Dallas is full of secrets, and thankfully they're not all dirty, Jerry Jones sex stuff. Some of them you can eat, and some of them you can physically visit -- like these 10 that you probably didn't know about. Until now!
Turtle Creek Park is a secluded, 39-house neighborhood framed by Turtle Creek and the Katy Trail. The architecturally significant homes are strategically hard to get to, so if someone asks if you live there while you’re gawking, say you got lost. They might actually believe you.
The Millermore Mansion is the most impressive Victorian home in Dallas Heritage Village at Old City Park, with one downside -- it’s haunted. Rumor has it, employees and guests have felt a sudden drop in temperature in the nursery and sick room. An apparition of a woman has also been spotted in several other rooms, so before you visit, bring your camera and your Proton gun.
Well, kind of... today it’s for members only, which is highly encouraged just for the pure fact that you will have a membership to a giant (168,000gal) pool in the shape of Texas. Who has that? You will.
Didn't have a Teddy Ruxpin as a kid? You can make up for lost time and walk amidst giant teddy bear statues in the middle of Highland Park. Unfortunately, they will not read you a bedtime story. If they do, you might want to check whatever meds you've been taking.
This tiny and quirky museum is devoted to preserving the bygone 8-track format, along with thousands of tapes and reel-to-reels. While you’re there, chat up founder Bucks Burnett and hear his interesting music stories, which are almost as plentiful as the eight-tracks.
The Ann & Gabriel Barbier-Mueller Museum collection contains more than 1,000 objects, many of which are Samurai armor. This is the largest collection of Samurai armor outside of Japan. See? You just saved yourself a trip to Japan!
Dragon Park isn't just the best-named park in Dallas, it's also a minuscule hidden gem in Uptown with a bunch of eclectic statues, like dragons (duh), angels, fairies, gargoyles, and Buddha heads. There are no magic mushrooms in sight, but you may find yourself wondering if any were prominently involved in the park's conception.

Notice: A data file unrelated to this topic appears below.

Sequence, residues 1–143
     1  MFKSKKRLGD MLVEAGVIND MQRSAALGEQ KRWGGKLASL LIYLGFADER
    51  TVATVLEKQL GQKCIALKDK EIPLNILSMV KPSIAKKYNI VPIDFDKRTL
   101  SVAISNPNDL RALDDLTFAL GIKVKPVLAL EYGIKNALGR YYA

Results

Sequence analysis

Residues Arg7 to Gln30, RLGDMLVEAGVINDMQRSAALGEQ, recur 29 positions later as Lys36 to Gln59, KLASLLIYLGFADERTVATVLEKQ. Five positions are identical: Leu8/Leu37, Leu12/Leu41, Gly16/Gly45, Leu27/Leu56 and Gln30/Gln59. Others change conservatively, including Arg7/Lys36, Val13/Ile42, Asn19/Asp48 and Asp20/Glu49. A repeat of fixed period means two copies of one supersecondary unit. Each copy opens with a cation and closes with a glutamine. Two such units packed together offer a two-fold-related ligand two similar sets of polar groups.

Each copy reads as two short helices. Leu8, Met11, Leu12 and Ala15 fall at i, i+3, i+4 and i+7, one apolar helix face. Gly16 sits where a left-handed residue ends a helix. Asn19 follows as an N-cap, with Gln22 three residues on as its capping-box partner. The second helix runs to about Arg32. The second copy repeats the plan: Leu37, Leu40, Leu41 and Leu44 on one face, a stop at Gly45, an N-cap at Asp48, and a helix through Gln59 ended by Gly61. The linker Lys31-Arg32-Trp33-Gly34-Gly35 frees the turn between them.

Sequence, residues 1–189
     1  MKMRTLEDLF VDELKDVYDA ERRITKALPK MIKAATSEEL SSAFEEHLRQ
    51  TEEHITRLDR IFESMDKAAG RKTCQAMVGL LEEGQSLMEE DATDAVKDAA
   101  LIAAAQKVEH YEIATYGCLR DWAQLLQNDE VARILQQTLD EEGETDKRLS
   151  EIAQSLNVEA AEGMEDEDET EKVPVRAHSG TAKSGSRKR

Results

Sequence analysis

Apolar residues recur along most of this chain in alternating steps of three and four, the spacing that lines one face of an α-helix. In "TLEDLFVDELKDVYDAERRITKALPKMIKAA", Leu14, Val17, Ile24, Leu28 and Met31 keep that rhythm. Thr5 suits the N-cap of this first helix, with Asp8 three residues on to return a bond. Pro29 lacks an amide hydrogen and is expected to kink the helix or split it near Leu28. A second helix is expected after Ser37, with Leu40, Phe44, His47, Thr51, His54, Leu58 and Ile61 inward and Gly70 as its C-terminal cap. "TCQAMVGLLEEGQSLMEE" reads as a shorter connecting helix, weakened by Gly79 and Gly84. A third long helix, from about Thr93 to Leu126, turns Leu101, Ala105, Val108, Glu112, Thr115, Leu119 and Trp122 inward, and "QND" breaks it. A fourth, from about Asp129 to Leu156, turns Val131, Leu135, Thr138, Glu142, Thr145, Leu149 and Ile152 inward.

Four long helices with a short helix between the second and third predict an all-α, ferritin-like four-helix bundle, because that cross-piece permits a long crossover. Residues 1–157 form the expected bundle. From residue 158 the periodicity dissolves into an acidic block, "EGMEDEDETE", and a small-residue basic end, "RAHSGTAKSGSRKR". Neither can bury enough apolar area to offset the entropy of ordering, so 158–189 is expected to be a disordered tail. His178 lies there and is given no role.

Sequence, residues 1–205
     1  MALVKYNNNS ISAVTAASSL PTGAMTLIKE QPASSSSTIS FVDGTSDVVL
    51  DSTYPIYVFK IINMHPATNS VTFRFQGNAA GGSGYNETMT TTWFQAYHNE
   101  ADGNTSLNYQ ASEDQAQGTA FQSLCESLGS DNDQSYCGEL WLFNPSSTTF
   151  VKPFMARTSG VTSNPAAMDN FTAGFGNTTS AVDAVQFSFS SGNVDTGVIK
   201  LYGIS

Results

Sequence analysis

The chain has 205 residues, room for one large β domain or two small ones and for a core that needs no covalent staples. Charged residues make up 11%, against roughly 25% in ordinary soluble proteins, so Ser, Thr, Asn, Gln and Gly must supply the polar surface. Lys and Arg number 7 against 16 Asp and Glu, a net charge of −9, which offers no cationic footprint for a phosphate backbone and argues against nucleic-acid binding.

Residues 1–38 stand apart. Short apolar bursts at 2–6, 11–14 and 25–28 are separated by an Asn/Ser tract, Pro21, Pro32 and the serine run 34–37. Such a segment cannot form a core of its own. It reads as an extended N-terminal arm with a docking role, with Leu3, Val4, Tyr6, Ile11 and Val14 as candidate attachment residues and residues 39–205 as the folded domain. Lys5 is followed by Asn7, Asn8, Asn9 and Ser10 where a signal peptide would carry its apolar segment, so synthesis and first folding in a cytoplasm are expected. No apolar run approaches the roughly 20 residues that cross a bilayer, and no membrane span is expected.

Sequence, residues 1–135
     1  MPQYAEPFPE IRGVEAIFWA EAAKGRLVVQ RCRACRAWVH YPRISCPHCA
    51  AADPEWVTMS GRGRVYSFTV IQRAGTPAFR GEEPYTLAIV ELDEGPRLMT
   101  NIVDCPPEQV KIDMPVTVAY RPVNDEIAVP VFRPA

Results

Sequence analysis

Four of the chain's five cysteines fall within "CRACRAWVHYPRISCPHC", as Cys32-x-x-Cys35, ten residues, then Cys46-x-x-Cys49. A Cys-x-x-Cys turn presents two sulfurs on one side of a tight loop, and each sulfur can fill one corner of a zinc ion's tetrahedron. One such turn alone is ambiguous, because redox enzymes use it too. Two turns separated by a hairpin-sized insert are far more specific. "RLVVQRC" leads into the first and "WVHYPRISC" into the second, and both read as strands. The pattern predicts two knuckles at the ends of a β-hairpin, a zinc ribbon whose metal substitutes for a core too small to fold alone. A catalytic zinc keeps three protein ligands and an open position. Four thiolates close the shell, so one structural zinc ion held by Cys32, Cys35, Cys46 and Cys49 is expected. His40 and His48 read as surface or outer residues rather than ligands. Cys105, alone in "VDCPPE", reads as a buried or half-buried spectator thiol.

Fort Worth Ave
Yes, it’s true that the final resting place of Clyde Barrow is located in Western Heights Cemetery in Dallas. Rumors say you may have to scale a fence to catch a glimpse of the gravesite, so mind the law. We appreciate history, but not so much that we'll follow in Clyde’s footsteps. Sorry Clyde.
There are buried underground railroad tunnels Downtown
Built in 1924, the underground railroad tunnels beneath the former Santa Fe Freight Terminal were used to carry merchandise to the Fashion District. The tunnels were also undoubtedly used to transport bootlegged booze during prohibition -- booze that was surely used by the University Club, previously located in the penthouse suite of Santa Fe building No. 4. The club was known as a playground for the debaucheries of the Dallas elite. Today, it is boringly known as SoCo Lofts.
508 Park Ave, once a film exchange and studio owned by Warner Bros, is where Delta Blues legend Robert Johnson recorded 13 epic songs in 1937. These songs went on to influence... just about everyone -- from Led Zeppelin to Eric Clapton, who recorded his own ode to Robert Johnson there in 2004. Today, the once-dilapidated building is currently undergoing a face-lift and will feature a community garden, amphitheater, and art space.
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